Governor of Texas
Perry was elected lieutenant governor in 1998, and he became governor when then-Governor George W. Bush was sworn in as President. He was elected governor in 2002, and re-elected in 2006 and 2010. Perry previously served as Texas Commissioner of Agriculture and as a member of the Texas House of Representatives. Prior to his political career, Perry was in the cotton farming business with his father. He served in the United States Air Force, retiring in 1977 with the rank of captain.
Did You Know?
While in the Air Force, Perry flew missions in the Middle East and Europe.
Perry’s foreign policy priorities have focused on strengthening military and defense spending. In his book, Fed Up!, he raises concern about defense “becoming an ever smaller part of the budget.” (Fed Up!, 2010)1 He also expresses concern about Iran gaining nuclear weapons and skepticism about the role of international organizations like NATO and the United Nations. As governor, he went to Iraq three times and Afghanistan once to visit Texas national guard troops. In the wake of the devastating earthquake in Haiti, Perry worked with USAID to coordinate the deployment of humanitarian resources and rescue parties from Texas. (Press Release, January 2010)2 On July 12, he met with former- President Musharraf to discuss the importance of the U.S.-Pakistan relationship and the role of U.S. economic assistance after the earthquake. In November, he published an op-ed that both emphasized the value of foreign assistance to the United States while calling for all foreign assistance to start at zero.
As governor, Perry emphasized the importance of expanding international trade for his state’s economy. He made over 23 international trips focusing on the promotion of Texas’ businesses. He has also made several trips to Mexico, Texas’s largest foreign trade partner. While speaking at an ‘Invest in Texas’ business seminar, he emphasized the importance of trade, saying “Trade strengthens relationships, be they interpersonal or international.” (Speech in Mexico, August 2007)3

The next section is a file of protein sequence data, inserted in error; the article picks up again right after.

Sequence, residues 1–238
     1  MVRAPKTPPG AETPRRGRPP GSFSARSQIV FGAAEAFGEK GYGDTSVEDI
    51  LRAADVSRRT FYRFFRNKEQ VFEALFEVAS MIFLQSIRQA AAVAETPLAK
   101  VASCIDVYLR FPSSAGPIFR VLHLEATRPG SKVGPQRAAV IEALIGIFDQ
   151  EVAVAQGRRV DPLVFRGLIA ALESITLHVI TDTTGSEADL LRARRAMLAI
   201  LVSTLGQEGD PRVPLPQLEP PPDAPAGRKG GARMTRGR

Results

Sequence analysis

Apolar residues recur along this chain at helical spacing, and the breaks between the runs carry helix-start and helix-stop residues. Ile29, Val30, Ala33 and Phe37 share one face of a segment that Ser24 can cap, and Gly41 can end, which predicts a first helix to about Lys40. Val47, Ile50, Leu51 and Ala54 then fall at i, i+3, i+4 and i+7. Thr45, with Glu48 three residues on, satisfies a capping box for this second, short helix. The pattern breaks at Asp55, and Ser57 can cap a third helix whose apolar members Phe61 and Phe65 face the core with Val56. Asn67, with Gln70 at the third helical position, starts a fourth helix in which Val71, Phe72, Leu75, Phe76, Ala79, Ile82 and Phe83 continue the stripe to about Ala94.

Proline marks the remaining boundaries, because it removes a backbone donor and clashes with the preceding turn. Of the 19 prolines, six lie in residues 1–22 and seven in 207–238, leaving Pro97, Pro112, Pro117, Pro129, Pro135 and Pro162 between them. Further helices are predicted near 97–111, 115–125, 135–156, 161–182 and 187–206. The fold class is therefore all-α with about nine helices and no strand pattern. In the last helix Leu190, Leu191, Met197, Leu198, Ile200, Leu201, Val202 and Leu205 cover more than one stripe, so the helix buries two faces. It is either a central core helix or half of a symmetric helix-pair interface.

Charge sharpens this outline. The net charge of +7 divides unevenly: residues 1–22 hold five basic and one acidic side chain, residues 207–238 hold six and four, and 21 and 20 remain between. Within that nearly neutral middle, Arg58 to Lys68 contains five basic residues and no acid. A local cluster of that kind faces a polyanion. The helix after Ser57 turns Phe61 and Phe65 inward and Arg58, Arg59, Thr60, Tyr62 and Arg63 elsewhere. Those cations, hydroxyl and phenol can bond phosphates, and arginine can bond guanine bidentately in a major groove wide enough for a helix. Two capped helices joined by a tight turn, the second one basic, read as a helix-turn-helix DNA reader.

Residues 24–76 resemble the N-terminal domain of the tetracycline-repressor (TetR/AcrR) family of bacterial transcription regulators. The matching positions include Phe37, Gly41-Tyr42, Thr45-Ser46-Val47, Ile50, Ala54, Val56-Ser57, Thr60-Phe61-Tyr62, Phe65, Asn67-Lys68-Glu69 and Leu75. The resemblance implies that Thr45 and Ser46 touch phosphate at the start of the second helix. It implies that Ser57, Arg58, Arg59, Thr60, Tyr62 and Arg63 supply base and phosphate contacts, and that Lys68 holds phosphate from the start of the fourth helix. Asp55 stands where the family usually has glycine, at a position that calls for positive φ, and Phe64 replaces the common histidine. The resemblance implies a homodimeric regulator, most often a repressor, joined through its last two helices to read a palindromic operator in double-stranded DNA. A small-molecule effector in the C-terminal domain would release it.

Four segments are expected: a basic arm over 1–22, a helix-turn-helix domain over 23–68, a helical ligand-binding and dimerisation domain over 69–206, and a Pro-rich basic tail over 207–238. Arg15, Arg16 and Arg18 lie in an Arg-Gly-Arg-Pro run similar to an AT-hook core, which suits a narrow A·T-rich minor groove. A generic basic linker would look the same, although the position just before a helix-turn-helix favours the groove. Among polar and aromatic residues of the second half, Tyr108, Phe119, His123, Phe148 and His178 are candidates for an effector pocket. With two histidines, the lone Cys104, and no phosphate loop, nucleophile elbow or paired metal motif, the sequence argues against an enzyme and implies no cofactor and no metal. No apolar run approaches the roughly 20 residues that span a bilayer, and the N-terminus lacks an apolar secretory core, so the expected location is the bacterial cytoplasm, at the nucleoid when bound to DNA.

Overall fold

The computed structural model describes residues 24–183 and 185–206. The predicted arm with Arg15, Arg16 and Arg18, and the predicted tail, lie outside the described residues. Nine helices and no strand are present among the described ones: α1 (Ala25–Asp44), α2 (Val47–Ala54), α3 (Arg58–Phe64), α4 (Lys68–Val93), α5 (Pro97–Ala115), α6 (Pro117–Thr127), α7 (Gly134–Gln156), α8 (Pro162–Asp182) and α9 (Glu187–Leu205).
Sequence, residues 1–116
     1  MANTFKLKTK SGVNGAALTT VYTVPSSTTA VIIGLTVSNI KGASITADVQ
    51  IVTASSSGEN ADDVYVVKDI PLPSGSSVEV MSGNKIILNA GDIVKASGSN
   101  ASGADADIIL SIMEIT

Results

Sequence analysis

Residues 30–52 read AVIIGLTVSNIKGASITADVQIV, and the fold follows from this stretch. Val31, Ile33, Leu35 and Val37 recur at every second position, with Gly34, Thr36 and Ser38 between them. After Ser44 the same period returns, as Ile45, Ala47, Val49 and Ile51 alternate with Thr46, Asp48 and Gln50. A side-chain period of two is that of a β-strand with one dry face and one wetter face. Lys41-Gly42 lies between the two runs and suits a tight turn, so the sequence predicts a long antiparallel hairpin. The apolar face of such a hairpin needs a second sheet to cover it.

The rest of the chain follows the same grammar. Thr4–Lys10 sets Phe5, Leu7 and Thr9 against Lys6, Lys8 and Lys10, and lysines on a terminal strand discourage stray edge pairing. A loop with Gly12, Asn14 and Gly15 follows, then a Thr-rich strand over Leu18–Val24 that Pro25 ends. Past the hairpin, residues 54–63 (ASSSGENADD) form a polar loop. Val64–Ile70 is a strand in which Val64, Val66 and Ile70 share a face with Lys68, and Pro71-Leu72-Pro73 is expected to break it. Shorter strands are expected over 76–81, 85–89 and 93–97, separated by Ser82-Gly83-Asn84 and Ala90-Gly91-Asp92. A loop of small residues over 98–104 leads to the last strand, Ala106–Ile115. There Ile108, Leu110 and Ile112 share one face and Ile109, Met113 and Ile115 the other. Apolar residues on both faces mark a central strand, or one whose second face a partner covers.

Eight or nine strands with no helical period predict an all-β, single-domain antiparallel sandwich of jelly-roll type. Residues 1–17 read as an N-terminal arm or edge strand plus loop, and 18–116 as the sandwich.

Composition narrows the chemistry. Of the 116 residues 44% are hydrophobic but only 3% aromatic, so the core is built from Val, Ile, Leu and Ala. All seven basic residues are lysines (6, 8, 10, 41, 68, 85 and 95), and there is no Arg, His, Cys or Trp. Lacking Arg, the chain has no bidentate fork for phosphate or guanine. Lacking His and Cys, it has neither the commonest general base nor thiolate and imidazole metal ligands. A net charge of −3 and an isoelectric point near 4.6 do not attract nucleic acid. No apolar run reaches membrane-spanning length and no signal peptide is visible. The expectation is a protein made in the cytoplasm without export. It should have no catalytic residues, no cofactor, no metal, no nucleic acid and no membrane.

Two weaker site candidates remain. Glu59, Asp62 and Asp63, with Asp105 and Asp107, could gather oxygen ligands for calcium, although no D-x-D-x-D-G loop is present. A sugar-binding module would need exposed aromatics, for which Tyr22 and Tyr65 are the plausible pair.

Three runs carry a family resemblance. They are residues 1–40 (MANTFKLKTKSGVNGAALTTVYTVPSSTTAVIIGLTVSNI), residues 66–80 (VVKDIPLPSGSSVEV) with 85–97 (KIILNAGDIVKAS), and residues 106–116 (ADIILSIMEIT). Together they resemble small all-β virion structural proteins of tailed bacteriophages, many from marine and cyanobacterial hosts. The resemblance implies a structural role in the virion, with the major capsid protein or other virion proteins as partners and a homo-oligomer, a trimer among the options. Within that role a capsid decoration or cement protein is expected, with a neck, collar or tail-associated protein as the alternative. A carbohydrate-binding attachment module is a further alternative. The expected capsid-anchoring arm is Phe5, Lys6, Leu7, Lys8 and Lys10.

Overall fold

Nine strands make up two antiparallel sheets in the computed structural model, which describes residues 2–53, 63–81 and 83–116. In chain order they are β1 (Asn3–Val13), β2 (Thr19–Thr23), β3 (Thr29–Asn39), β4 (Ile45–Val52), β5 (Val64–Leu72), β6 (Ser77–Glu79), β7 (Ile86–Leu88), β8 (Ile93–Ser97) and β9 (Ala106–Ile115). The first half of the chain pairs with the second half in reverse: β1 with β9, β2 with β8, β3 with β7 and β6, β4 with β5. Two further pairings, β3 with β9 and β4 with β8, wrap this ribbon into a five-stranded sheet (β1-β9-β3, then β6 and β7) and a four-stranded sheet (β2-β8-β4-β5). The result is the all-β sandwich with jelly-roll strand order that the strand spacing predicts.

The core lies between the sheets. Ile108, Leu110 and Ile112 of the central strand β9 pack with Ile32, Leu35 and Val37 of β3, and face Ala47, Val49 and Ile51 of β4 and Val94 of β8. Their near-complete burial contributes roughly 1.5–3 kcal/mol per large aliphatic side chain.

Perry on America’s Global Leadership
“The foreign aid budget in my administration for every country is gonna start at zero dollars. Zero dollars. And then we’ll have a conversation. Then we’ll have a conversation in this country about whether or not a penny of our taxpayer dollar needs to go into those countries. (GOP CBS Foreign Policy debate, November 2011)4
“I think it’s time for this country to have a very real debate about foreign aid. Clearly there are places–as a matter of fact I think it’s time for us to have a very serious discussion about defunding the United Nations…And I think it is time to not only have that entire debate about all of our foreign aid, but in particular the UN. Why are we funding that organization?” (GOP Las Vegas debate, October 2011)5
“We are now confronted with the rise of new economic and military powerhouses in China and India, as well as a Russia that is increasingly aggressive and troublesome to its neighbors and former satellite nations that are struggling to maintain their relatively newfound independence. There is no reason to believe that armed conflict with any major power is imminent, but the world is rapidly changing, and the United States must be prepared for the ramifications of shifting balances of power.” (Fed Up!, 2010)6
“Citizens of this new era of global exchange must possess the skills to successfully live and work in an environment where people from difference social, cultural, linguistic, and religious backgrounds can interact, compete, and cooperate on a daily basis.” (Press Release, November 2004)7